An Interview With Linda Ferreri, author of The Matter Of The Crown


Being a part of the Blog Tour hosted by Rachel's Random Resources, I got the chance to interview Author Linda Ferreri, the creator of the absolutely amazing novel, The Matter Of The Crown! 


Without further ado, I present to you my conversation with the amazing creative author, Linda Ferreri! 


Q. First of all, we'd love to know more about you!

A. I'm kind of quiet about myself, hoping the books get the attention rather than the author. But I know the world in which we live and that authors have to come out of the shadows.  I am possibly over-educated in the humanities.  I studied Latin and Greek for what seemed to be centuries, then art history for 5 years at university after my undergraduate degree, and then became a lawyer. So after forever in school, my career has been art law, until  I turned myself into a full-time author.  I was general counsel of a large art foundation, and of an auction house, and did some consulting for UNESCO. I've been all around the world with art and the law.  It's a fascinating topic. I travel a lot and my education has brought all of the places that I visit vividly to life for me.

As you can probably tell from the book, I'm American with a life in both the US and Italy. I love them both but I consider myself very very fortunate to be able to live and write in the beautiful Marche part of Italy. It really does inspire me.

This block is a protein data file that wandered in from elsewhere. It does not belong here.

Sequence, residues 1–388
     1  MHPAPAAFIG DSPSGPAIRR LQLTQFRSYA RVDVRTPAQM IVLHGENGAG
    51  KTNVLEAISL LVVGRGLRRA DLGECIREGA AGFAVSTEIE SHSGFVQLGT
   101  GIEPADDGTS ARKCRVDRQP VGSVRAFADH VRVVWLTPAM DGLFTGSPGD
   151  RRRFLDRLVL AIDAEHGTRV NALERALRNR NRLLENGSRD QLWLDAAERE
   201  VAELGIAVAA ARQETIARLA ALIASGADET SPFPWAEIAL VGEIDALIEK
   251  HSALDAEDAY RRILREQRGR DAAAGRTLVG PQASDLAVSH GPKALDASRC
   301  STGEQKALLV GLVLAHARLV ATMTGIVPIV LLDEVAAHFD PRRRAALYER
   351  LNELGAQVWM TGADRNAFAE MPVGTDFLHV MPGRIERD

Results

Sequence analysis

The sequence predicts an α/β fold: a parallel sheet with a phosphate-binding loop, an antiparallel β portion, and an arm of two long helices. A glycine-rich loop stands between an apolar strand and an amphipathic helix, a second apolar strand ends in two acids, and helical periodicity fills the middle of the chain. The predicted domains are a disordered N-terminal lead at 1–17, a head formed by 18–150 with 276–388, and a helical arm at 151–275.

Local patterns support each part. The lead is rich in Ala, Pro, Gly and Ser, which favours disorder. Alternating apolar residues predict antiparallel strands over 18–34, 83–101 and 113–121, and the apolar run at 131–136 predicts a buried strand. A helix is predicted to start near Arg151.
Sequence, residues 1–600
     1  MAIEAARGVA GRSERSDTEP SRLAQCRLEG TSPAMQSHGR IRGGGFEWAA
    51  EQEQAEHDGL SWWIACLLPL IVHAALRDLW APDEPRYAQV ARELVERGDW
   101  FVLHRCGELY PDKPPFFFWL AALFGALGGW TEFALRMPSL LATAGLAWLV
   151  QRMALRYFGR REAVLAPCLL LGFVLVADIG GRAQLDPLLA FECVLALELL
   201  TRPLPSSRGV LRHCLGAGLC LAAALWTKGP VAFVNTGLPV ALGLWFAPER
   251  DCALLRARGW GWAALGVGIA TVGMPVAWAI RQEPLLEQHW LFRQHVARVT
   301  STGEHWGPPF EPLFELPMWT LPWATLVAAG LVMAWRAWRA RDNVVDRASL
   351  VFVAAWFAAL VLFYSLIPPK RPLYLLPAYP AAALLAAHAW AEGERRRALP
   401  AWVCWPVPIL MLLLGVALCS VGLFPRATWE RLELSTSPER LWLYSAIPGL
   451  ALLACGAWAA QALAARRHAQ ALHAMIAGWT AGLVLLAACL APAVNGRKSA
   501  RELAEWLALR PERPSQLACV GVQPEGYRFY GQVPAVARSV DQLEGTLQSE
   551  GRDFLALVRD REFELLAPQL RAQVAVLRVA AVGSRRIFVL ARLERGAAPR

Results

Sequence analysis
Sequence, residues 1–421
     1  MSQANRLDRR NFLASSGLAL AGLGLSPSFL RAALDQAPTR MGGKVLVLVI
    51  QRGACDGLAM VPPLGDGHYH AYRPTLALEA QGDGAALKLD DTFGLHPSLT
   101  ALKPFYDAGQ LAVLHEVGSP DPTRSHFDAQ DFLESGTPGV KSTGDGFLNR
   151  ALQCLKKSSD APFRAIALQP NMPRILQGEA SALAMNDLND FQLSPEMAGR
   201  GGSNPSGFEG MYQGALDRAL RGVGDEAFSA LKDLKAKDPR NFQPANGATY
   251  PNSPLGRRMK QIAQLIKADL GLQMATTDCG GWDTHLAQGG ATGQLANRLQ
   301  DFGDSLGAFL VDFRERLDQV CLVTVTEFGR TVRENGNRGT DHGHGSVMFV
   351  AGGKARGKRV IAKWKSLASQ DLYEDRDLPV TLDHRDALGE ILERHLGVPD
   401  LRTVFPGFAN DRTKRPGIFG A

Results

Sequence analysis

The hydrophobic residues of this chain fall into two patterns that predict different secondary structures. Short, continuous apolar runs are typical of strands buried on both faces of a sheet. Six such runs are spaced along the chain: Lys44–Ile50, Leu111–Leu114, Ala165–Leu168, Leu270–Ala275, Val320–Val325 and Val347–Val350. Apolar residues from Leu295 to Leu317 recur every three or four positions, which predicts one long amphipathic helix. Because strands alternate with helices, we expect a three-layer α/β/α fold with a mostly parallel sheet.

Q. When I read The Matter of The Crown, I felt as if I was reading a classic novel, writing style-wise. Was that your intention or is that just your style?
Either way, I loved it!
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A. Well thank you! It's both, actually.   My favorite writers are long dead and I quite love the proper turn of a phrase. There is so much to do with this lovely language of ours. I see this story as a film. It's always been like that for me.  I see like a story being told by a narrator to the audience in a movie theater watching the gorgeous scenery and the amazing Crown itself. It told itself to me in a very  old-fashioned way. It's only fair to say, however, that the old-fashionedness of my style in the book is part of the history involved.

Q. The Matter Of The Crown features so many characters! Who was the most fun to write? 

A
. The most fun to craft was the Contessa but my personal favorite is Baldo.  One of my friends is eager to see her back in a new book.  I say Baldo 'is' because he's back, in the book I'm writing now.

Q. In a sentence, how would you describe your writing experience for The Matter of The Crown? 

A. I knew who the characters were at the very start when the idea came to me; once I began typing, they took over and wrote the story themselves.   I was the typist on an exciting free ride with them.

Q. There are a lot of historical references in this book. Being an Art Historian, was writing this book easy for you? Or did you still end up doing a ton of research? 

A. I still did quite a lot of research, but I loved it.  Of course, I know all about the fabulous Crown of the Andes and didn't have to do too much research about it.  I know it exceptiionally well.  I played with the truth a bit, as I think an author may do.  The bits about Mary, mother of Jesus, and the great Cathedral at Loreto took a bit more research. But I love doing that part.   I'm doing it again for this new book. 

Q. Who is your favorite character in The Matter of The Crown? And why?